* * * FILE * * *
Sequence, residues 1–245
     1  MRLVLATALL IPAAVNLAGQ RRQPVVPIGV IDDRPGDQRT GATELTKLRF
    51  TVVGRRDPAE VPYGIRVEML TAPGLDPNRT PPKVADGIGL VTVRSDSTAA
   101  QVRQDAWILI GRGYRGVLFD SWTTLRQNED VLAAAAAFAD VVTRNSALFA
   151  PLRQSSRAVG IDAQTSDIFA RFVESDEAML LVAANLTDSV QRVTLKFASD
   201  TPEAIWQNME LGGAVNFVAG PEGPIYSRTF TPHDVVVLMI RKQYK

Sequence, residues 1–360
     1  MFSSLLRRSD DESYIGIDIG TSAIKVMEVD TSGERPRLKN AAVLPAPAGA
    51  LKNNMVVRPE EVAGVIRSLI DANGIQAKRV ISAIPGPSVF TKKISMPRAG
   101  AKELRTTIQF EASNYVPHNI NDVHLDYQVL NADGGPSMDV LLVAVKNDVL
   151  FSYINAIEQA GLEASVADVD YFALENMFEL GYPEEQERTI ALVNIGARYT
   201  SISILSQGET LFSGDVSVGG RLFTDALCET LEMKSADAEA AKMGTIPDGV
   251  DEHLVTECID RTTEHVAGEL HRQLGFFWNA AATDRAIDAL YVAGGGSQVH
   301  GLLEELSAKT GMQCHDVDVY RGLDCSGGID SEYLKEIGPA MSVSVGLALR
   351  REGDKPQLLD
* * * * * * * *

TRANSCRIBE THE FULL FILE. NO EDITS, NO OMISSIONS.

Sequence, residues 1–245
     1  MRLVLATALL IPAAVNLAGQ RRQPVVPIGV IDDRPGDQRT GATELTKLRF
    51  TVVGRRDPAE VPYGIRVEML TAPGLDPNRT PPKVADGIGL VTVRSDSTAA
   101  QVRQDAWILI GRGYRGVLFD SWTTLRQNED VLAAAAAFAD VVTRNSALFA
   151  PLRQSSRAVG IDAQTSDIFA RFVESDEAML LVAANLTDSV QRVTLKFASD
   201  TPEAIWQNME LGGAVNFVAG PEGPIYSRTF TPHDVVVLMI RKQYK

Sequence, residues 1–360
     1  MFSSLLRRSD DESYIGIDIG TSAIKVMEVD TSGERPRLKN AAVLPAPAGA
    51  LKNNMVVRPE EVAGVIRSLI DANGIQAKRV ISAIPGPSVF TKKISMPRAG
   101  AKELRTTIQF EASNYVPHNI NDVHLDYQVL NADGGPSMDV LLVAVKNDVL
   151  FSYINAIEQA GLEASVADVD YFALENMFEL GYPEEQERTI ALVNIGARYT
   201  SISILSQGET LFSGDVSVGG RLFTDALCET LEMKSADAEA AKMGTIPDGV
   251  DEHLVTECID RTTEHVAGEL HRQLGFFWNA AATDRAIDAL YVAGGGSQVH
   301  GLLEELSAKT GMQCHDVDVY RGLDCSGGID SEYLKEIGPA MSVSVGLALR
   351  REGDKPQLLD